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Eliminate buzz from recorded track

Discussion in 'Recording' started by thatjeffguy, Dec 22, 2010.

  1. thatjeffguy

    thatjeffguy Active Member

    Hi folks...

    In the past I remember reading about a great software that was capable of precision, surgical removal of unwanted sounds/frequencies from a recorded track.

    I recently recorded a live gig taking the direct outs of the FOH board. There's a pretty bad buzz on several of the feeds.

    I want to remove these as cleanly as possible. Regular EQ doesn't seem to be precise enough, but I can't remember the name of the software I read about.

    Anyone have suggestions?

    TIA

    Jeff
     
  2. apstrong

    apstrong Active Member

    I believe Izotope RX does this, along with a lot of other audio restoration stuff. I don't know how well.
     
  3. TheJackAttack

    TheJackAttack Distinguished Member

    Izotope RX 2 Advanced is very good at cleaning things up. The spectral editor from the first version is what was incorporated into Adobe Audition's mastering tools and can be very effective. Big K uses a different one and there was a third spectral editor that I can't remember off hand.

    A cheaper way is to gate those particular tracks so the non audio portions are silent.
     
  4. thatjeffguy

    thatjeffguy Active Member

    Thanks for the replies...

    Yes, I'm playing with the Izotope RX 2 demo right now, pretty powerful and seems it would be worthwhile to have in my arsenal.

    Yes, I applied gates right off the bat so those tracks would be silent when not actively used. Trouble is when they are used (vocal tracks and guitar tracks taken from direct outs on sound board. The guitars were both via DI so no bleed problems, just a lousy stage snake, I think, feeding the board. 3 of my 4 channels have hum. Phase flipping reduces one of them a bit, but not enough for the client's satisfaction.)
    Do you think the features found in the "Advanced" version warrant the almost $800 USD difference in price? I need to do a more thorough research on that issue.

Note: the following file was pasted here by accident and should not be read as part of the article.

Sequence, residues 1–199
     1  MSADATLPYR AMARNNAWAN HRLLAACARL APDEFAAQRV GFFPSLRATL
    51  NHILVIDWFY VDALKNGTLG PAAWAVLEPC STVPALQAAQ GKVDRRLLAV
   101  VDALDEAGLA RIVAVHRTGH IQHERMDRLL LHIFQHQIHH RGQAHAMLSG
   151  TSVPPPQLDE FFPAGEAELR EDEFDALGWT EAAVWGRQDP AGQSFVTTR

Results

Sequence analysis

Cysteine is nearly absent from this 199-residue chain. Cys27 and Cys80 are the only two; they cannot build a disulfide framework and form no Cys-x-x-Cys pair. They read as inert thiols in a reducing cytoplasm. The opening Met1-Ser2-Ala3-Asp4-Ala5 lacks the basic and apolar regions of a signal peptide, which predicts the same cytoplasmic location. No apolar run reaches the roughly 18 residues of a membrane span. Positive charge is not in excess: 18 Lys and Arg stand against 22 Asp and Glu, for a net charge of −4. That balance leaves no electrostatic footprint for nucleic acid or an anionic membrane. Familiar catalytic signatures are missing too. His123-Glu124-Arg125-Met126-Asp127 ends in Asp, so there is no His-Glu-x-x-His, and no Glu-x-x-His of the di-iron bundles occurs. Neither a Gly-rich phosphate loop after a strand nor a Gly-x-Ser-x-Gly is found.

Anyway, thanks for the response, I think Izotope was the software I couldn't remember. I'll keep testing out the demo.

    Jeff
     
  5. niclaus

    niclaus Active Member

    The cedar Cambridge debuzz is amazing for those kind of things, but it's in another league...
    If you have only a few tracks i could try and put it through our cambridge if you want.
     
  6. thatjeffguy

    thatjeffguy Active Member

    Thanks for the offer, niclaus, you're a saint... (bad xmas humor).
    But I've purchased Izotope and it is working miracles... even the strongest hum & buzz succumb to its powers! It will save this job for sure and probably many more to come.
    Thanks to all, and Merry Christmas (or Happy Holidays, if you prefer)!

    Jeff
     
  7. TheJackAttack

    TheJackAttack Distinguished Member

    Did you end up with Rx2 or Rx2 Advanced?
     
  8. thatjeffguy

    thatjeffguy Active Member

    I went with the standard Rx2, I figured if deemed necessary I would upgrade to Advanced at a later time, if/when needed. The fact is that 95% of my work is tracked here in my studio where hums. buzzes and extraneous noises are nonexistent, so I doubt that I'll be buying the Advanced. Heck, I'm amazed at what the standard version is doing what it's doing for the price. I has already paid for itself just by saving this one project!

    Jeff
     
  9. mdb

    mdb Active Member

    Diagnosing your hum troubles